The big picture: You’re never too small for a strategy

Posted on 4 Jan 2012

Managers of small companies are often so busy fire fighting that thinking about a business strategy seems a needless distraction.  But, says Dr Derek Ford, it could be a game changer.

Small businesses are widely seen as the key to boosting UK growth. Almost 60% of private sector jobs are provided by companies with less than 250 employees and the same firms account for nearly half of private sector turnover. However, 30% of new start-ups fail during their first year and 50% survive for less than seven years. Why?

Research shows that many new businesses fail because they lack a clear strategy to guide them through competitive markets. While large corporations can afford to have teams devoted to strategy development, small companies typically devote most of their energies to keeping the business afloat.

Taking time to think about the direction their business should be taking, however, can be a game changer. This is particularly true in hard economic times.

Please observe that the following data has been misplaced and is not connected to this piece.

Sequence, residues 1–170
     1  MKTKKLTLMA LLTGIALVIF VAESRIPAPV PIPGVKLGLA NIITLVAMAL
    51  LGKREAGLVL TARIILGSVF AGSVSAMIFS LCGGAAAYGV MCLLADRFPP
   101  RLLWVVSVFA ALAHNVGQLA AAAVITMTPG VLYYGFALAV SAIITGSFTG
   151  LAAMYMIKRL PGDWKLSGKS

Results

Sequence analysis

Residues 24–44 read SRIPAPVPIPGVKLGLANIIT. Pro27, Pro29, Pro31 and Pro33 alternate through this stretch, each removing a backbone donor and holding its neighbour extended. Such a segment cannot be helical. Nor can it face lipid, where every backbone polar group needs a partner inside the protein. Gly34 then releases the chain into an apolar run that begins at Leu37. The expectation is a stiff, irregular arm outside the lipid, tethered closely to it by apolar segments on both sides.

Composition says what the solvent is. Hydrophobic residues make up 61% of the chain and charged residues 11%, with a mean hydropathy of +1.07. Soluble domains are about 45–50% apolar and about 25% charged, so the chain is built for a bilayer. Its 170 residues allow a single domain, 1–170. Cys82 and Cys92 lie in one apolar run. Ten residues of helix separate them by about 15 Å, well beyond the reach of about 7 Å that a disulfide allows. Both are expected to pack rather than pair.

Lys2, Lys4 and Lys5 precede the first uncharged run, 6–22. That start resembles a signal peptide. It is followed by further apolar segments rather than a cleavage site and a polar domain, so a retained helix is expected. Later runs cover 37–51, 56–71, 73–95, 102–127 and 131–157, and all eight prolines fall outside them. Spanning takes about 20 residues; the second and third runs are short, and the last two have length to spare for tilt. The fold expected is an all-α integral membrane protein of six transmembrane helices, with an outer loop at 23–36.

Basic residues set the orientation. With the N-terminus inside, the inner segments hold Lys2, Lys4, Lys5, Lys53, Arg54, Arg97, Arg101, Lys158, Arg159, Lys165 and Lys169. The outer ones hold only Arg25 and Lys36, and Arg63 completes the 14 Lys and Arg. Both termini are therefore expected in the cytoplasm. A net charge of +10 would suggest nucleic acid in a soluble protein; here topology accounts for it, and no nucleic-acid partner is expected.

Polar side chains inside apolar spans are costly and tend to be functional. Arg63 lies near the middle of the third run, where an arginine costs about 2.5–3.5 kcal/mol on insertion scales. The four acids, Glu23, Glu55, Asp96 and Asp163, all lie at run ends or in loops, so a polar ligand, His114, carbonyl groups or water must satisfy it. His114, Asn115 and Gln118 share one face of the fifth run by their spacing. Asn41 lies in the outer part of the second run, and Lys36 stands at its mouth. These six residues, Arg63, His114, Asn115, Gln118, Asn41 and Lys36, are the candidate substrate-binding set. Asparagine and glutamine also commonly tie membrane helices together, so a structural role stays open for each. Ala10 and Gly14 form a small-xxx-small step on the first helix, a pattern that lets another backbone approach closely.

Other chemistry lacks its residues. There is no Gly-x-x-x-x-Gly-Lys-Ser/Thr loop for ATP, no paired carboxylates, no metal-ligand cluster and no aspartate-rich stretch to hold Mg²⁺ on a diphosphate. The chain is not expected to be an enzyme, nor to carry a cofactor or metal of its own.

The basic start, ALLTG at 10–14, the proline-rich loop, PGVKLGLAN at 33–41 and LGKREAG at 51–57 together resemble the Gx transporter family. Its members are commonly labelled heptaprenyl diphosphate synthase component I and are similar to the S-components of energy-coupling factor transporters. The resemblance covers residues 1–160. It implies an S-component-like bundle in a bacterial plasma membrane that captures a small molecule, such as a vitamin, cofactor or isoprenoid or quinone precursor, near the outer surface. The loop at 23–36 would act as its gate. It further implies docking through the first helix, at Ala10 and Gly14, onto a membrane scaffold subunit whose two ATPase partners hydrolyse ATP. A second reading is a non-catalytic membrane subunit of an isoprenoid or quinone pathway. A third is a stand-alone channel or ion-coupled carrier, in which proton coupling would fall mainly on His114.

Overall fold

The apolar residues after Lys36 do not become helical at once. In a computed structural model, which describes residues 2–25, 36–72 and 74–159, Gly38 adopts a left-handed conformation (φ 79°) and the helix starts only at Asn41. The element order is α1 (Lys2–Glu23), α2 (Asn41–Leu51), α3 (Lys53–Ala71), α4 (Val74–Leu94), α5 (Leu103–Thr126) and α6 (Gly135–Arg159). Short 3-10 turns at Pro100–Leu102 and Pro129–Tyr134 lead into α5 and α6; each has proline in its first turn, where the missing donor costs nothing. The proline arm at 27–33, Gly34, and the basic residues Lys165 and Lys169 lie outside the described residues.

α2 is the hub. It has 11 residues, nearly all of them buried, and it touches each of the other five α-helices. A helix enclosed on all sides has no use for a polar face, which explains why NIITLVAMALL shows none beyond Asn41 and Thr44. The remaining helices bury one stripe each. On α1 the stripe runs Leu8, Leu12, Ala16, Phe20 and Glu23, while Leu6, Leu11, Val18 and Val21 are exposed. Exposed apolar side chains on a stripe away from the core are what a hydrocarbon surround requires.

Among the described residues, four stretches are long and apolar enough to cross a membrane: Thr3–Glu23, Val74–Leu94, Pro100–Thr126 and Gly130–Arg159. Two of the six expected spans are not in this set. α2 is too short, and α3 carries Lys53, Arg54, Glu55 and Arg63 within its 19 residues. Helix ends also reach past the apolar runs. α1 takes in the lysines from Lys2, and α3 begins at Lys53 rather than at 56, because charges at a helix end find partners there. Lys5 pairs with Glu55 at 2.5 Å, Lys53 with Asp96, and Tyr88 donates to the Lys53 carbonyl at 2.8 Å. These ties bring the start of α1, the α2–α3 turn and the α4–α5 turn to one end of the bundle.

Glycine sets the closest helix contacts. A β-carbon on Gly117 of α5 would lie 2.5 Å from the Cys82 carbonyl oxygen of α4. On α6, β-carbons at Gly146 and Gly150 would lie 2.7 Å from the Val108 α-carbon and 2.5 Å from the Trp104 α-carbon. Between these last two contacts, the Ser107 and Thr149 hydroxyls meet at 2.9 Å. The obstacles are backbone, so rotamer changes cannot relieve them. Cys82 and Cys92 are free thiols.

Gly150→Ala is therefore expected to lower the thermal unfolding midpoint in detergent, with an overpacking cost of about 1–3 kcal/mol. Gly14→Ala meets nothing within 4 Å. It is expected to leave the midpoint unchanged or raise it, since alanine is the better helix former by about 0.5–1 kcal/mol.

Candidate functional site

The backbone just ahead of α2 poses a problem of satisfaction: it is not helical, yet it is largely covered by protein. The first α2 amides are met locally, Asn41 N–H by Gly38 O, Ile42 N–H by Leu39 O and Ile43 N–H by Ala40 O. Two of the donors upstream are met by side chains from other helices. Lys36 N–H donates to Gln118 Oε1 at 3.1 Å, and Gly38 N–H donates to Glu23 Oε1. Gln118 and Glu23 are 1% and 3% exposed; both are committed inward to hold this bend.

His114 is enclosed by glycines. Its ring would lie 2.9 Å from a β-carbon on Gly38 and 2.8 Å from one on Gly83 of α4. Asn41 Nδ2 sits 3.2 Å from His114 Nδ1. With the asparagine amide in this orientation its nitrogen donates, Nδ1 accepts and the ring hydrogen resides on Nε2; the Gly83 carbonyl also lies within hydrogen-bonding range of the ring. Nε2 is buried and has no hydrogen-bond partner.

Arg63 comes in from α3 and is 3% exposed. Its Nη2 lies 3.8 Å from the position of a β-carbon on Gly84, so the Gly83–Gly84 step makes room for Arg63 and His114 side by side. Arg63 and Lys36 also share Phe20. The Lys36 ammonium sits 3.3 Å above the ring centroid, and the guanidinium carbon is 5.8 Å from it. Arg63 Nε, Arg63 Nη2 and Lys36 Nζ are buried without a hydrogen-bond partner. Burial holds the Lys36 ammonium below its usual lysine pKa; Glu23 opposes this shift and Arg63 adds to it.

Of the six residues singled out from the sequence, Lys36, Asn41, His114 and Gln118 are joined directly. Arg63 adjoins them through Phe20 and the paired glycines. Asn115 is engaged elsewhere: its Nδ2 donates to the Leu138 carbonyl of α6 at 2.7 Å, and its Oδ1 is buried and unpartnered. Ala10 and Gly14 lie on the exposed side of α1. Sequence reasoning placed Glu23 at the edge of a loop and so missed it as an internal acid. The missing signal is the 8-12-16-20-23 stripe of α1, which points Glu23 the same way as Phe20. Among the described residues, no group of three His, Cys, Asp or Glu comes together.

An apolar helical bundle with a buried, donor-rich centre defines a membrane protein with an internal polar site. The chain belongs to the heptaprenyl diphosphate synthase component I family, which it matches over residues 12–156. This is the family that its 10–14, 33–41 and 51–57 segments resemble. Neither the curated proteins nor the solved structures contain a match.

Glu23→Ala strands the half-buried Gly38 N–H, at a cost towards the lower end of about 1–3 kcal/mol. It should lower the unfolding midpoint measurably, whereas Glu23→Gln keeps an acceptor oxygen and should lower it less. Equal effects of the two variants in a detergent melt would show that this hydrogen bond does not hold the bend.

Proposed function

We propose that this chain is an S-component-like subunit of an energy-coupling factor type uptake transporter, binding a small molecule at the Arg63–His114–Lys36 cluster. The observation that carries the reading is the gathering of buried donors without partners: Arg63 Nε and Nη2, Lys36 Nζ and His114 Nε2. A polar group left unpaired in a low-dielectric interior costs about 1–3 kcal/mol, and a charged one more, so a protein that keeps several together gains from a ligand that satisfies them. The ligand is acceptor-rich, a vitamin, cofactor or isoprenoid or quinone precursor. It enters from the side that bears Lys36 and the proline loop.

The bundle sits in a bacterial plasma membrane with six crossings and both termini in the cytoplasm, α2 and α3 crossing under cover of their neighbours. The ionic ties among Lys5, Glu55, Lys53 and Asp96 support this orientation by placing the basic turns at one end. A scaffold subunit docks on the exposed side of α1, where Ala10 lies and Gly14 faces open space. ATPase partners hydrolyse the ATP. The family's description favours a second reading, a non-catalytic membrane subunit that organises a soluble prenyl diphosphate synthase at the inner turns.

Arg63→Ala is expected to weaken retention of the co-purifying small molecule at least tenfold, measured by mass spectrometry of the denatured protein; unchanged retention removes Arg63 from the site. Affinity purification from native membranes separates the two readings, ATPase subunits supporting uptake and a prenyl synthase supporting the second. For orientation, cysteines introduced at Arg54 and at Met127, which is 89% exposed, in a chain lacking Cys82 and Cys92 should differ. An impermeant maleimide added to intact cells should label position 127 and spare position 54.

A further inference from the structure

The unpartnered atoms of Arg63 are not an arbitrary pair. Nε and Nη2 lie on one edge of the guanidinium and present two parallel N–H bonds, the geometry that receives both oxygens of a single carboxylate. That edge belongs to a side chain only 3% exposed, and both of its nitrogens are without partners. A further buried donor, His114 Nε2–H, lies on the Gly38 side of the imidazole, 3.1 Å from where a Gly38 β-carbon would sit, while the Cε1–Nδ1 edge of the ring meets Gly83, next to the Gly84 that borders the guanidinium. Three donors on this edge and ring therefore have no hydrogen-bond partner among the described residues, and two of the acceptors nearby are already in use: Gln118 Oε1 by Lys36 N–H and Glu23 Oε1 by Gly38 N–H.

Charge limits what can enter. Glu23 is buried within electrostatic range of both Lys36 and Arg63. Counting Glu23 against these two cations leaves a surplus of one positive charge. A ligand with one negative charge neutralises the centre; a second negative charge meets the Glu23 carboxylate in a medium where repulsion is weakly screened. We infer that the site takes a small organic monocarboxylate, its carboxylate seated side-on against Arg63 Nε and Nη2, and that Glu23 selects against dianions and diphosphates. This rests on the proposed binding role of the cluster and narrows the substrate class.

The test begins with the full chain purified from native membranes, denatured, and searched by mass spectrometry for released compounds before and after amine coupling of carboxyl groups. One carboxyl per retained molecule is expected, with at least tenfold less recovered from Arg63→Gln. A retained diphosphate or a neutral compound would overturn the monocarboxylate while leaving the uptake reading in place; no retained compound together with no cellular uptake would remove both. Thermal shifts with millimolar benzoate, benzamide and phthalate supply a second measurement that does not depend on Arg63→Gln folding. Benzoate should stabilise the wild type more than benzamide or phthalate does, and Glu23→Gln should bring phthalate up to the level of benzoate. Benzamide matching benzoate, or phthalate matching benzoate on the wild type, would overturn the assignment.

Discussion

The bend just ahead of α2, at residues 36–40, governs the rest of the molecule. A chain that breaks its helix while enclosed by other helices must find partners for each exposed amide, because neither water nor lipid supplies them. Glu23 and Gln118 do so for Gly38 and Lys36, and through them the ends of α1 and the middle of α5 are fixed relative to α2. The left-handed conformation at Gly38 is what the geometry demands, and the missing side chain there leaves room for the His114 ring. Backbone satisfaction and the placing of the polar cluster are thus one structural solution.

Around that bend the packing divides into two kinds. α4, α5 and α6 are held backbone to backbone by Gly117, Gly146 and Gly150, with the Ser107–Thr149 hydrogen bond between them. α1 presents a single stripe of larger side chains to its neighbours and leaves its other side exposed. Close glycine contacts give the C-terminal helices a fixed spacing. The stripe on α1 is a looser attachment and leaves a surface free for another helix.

Developing a business strategy is not rocket science. Try considering the following. What is the main reason your customers buy from you – what is your company really good at? Are you valued for prompt delivery? Is your technology, product or service unique? Or is your main selling point providing quality service for which customers are prepared to pay a premium?

Consider how you can focus on your strengths and avoid wasting time and money on anything else; trying to be all things to all people is a common mistake made by companies desperate to take advantage of every business opportunity.

Then ask yourself if there are any factors that may throw your business off course in the future – is there a new technology or other market development that could pose a threat? Are your customers concentrated in a single industry sector that could go into decline? What plans can you make to overcome these risks?

Your answers to these questions will form the basis of your business strategy, guiding future decision making. Our experience shows that time spent in this way can pay huge dividends very quickly.

Dr Derek Ford leads the small business team of IfM Education and Consultancy Services at Cambridge Institute for Manufacturing.